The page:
Supporting the Science Capital Teaching Approach
Science capital is a set of resources that helps individuals engage and identify with science. Young people with higher levels of science capital are more likely to see science as ‘for me’ and to choose to study science subjects at a higher level.
The Science Capital Teaching Approach (Godec, King, & Archer, 2017) aims to enhance young people’s engagement with science, supporting them in seeing science as relevant to their lives and ‘for me’.
The foundation of this approach involves broadening what counts in the science classroom: creating a learning environment where all students feel able to offer contributions from their own experiences and interests. The approach also consists of three main pillars:
- Personalising and localising: Going beyond contextualising, to connect to the actual experiences, understandings, attitudes and interests of young people.
- Eliciting-valuing-linking: Inviting students to share knowledge, attitudes and experiences; recognising these has having value; and connecting this back to the science.
- Building the dimensions of science capital: Considering the eight dimensions when developing activities, lessons or programmes.
Evaluating the I’m a Scientist experience for students
Dr Jen DeWitt, an Associate Senior Research Fellow on the core Science Capital team, has conducted an evaluation of I’m a Scientist to see how the experience might support students’ science capital.
The research consisted of student focus groups, teacher interviews, surveys and analysis of content generated on the IAS site including transcripts of live chats and questions asked by students. Read about why we took this approach.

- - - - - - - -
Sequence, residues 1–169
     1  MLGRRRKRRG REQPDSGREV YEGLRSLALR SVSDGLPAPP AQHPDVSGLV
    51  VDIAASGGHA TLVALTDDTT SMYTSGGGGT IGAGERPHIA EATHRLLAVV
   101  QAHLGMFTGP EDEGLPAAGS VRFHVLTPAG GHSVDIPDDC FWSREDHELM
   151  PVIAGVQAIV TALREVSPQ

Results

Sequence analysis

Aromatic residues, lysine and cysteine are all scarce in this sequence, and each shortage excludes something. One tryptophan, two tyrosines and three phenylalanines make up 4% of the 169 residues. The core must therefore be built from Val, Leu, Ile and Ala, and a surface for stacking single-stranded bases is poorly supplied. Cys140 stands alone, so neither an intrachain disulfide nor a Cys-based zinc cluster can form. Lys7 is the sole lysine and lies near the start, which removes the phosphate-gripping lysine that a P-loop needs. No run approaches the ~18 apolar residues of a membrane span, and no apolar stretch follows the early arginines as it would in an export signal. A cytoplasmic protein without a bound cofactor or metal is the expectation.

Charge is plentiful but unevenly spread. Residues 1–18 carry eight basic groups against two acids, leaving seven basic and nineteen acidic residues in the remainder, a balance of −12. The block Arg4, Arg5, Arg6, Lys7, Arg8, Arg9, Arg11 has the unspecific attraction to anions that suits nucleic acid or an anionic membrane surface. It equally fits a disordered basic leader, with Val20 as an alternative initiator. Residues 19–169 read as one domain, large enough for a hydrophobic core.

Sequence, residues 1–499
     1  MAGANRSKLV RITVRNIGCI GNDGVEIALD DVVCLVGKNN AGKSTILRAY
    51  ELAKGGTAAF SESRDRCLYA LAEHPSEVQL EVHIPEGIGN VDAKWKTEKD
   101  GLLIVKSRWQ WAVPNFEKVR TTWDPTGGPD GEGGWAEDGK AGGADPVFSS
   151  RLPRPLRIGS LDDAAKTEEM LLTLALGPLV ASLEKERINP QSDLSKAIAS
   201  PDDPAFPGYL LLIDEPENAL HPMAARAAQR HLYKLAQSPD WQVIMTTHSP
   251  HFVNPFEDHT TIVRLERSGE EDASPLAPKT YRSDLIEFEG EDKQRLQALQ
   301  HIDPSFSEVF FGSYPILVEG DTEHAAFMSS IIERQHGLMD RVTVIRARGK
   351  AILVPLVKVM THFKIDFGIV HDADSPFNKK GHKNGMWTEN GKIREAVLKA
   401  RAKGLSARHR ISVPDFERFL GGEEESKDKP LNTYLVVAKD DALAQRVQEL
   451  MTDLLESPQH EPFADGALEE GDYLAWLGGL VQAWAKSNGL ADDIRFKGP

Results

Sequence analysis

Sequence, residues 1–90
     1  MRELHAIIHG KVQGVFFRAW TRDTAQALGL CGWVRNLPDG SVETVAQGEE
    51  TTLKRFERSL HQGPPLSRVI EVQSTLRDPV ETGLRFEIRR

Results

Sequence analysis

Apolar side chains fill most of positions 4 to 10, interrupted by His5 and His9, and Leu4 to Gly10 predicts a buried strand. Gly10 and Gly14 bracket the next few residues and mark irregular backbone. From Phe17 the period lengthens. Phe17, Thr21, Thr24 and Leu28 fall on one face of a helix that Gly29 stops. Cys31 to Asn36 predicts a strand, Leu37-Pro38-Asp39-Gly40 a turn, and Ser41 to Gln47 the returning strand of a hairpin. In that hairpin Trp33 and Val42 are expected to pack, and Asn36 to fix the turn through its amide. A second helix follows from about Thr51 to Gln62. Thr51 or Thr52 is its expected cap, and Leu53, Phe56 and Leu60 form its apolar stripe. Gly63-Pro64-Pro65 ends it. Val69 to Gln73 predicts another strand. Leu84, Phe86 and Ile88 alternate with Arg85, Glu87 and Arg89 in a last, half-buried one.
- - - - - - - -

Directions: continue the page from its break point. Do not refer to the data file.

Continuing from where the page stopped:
The evidence produced by this research demonstrates that the experience of IAS maps onto elements of the Science Capital Teaching Approach. In turn, this supports science capital-related outcomes of participating in IAS.
Report summary: Supporting science capital dimensions
The research found evidence that I’m a Scientist provides support for four of the science capital ‘dimensions’:
- Dimension 1: Science literacy;
- Dimension 2: Seeing science as relevant to everyday life;
- Dimension 3: Knowledge about the transferability of science/science qualifications; and especially
- Dimension 7: Knowing people in science-related jobs.
Although we acknowledge that ‘meeting’ scientists in IAS is not the same as having personal relationships with them, we believe that the experience of IAS provides support for similar outcomes to knowing people in science-related jobs — understanding what it’s like to work in those jobs and, even more importantly, coming to see scientists as ‘normal’ people.
Research shows that this understanding — which is abundant in young people who have friends or family working in science — facilitates a sense that science is ‘for me’ and makes it more likely that an individual can envisage being a scientist as a possibility for themselves. Consequently, developing or maintaining aspirations in science can become more likely.
IAS is a relatively brief enrichment experience and cannot be exclusively responsible for developing students’ science aspirations and maintaining a sense that science is ‘for me’ over time. However it has a valuable role to play in contributing to this process, especially for young people who may simply not have other opportunities to encounter people in science-related roles, much less to ask them questions of personal interest and relevance. And, indeed, our data suggest that IAS does have the potential to support or nurture science-related aspirations in participating students.